According to wikipedia, the computer mouse was introduced twenty-nine years ago today. At least that’s what the page for April 27 shows. Wikipedia’s page for 1981 doesn’t list the event. After all, it wasn’t exactly earthshaking. Until Apple introduced the Macintosh in 1984, few people were interested either in a GUI (graphical user interface) or the mouse that the interface required.
What is interesting (at least to me) about the history of the mouse is not when it was first marketed, but by what company. Think of all the companies you can remember that made personal computers in the early 1980’s. Even if you can remember a few (I was barely aware of the existence of PCs until 1985), you probably won’t think of this one.
Xerox. Yes, the company whose name is, for most people, synonymous with photocopying. (Properly speaking, we don’t xerox papers, we photocopy them. But I admit to using Xerox as a verb sometimes, usually without even thinking about it. And I make my copies on Canon and Sharp equipment.)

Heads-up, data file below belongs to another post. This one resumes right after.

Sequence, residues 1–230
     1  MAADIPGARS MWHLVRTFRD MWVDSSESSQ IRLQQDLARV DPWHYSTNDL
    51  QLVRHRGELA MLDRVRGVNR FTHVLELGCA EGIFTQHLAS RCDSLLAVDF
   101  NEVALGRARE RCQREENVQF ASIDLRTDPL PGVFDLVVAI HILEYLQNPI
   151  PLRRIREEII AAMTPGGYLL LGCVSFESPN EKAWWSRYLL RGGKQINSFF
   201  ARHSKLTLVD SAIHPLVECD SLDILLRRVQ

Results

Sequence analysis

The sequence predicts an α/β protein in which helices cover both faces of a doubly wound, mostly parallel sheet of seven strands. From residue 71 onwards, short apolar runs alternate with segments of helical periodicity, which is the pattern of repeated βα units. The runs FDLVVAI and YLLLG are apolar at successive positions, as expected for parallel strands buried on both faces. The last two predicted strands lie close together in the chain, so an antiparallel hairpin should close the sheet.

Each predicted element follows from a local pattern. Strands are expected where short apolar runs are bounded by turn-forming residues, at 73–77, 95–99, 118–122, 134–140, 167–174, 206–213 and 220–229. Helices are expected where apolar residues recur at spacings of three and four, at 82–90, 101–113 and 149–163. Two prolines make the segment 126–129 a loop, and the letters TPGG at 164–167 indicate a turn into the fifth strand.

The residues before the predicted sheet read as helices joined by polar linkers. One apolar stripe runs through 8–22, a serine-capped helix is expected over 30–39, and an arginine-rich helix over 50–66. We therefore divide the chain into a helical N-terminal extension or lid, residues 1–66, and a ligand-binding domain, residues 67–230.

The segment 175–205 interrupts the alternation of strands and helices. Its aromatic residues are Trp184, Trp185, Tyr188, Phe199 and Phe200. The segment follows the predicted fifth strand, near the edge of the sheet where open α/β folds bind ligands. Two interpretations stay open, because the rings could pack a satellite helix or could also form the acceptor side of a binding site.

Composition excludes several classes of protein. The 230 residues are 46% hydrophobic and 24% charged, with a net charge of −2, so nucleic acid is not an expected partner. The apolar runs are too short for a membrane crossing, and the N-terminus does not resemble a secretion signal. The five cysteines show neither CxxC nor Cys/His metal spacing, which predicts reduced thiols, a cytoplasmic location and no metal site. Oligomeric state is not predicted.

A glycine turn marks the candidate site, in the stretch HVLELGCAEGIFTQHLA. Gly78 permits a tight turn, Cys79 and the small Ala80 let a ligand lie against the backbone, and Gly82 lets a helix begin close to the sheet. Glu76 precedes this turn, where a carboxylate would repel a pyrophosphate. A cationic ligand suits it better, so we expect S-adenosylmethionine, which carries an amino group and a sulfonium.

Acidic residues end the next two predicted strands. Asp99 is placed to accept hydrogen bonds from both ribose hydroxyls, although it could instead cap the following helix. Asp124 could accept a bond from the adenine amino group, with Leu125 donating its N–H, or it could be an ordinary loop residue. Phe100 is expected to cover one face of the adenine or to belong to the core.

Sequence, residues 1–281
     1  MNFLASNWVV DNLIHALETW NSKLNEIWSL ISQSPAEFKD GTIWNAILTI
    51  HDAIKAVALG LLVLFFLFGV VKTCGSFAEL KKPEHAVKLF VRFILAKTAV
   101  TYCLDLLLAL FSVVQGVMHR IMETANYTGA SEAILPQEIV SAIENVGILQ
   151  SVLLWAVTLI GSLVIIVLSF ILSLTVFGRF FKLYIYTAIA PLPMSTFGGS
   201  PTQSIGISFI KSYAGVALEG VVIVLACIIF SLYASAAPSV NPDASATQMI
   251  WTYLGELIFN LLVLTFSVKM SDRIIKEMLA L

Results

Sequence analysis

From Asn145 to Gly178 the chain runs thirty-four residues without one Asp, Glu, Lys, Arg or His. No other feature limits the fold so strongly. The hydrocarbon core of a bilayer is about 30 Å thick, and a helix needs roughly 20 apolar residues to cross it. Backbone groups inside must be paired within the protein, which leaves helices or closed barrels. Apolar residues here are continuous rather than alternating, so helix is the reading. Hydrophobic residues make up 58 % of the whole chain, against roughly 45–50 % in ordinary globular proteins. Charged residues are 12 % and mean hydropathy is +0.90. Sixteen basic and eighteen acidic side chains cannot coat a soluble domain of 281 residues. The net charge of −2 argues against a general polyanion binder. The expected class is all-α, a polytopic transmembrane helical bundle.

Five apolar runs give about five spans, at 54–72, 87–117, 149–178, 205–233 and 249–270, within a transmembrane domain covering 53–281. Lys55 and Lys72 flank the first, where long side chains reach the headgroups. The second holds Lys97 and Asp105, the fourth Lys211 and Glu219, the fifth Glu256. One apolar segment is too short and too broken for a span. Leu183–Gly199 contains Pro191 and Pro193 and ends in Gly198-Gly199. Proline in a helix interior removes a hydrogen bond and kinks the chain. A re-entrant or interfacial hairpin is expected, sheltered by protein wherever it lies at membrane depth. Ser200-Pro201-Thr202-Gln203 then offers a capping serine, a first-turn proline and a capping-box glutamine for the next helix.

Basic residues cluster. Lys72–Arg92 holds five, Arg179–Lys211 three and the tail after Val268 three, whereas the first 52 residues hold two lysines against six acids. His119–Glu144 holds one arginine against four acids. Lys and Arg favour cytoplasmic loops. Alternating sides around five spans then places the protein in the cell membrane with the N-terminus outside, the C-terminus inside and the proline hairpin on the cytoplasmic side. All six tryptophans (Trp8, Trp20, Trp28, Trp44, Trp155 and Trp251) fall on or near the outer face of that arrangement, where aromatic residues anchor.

I visited a Xerox sales office once, when network printers and photocopying machines were just starting to merge. I remember that they talked about wanting to be known for document management, rather than photocopying. I remember being very impressed with their equipment, and disappointed that my manager wasn’t interested in getting one. I don’t remember whether I knew at that time how involved Xerox had once been in computer technologies that had nothing to do with document management.
The Palo Alto Research Center was a division of Xerox (now it is a subsidiary of Xerox) that developed a variety of technologies that are commonplace in computing today. Besides laser printing and WYSIWYG text editing, PARC developed Ethernet (the technology used to connect computers in local area networks) and an object-oriented programming language called Smalltalk. Plus the GUI and computer mouse.
I don’t know whether Xerox management later wished they had done more to commercialize these techonologies, rather than seeing other companies benefit from what they copied from Xerox. But then, Xerox was in the business of helping people make copies, weren’t they?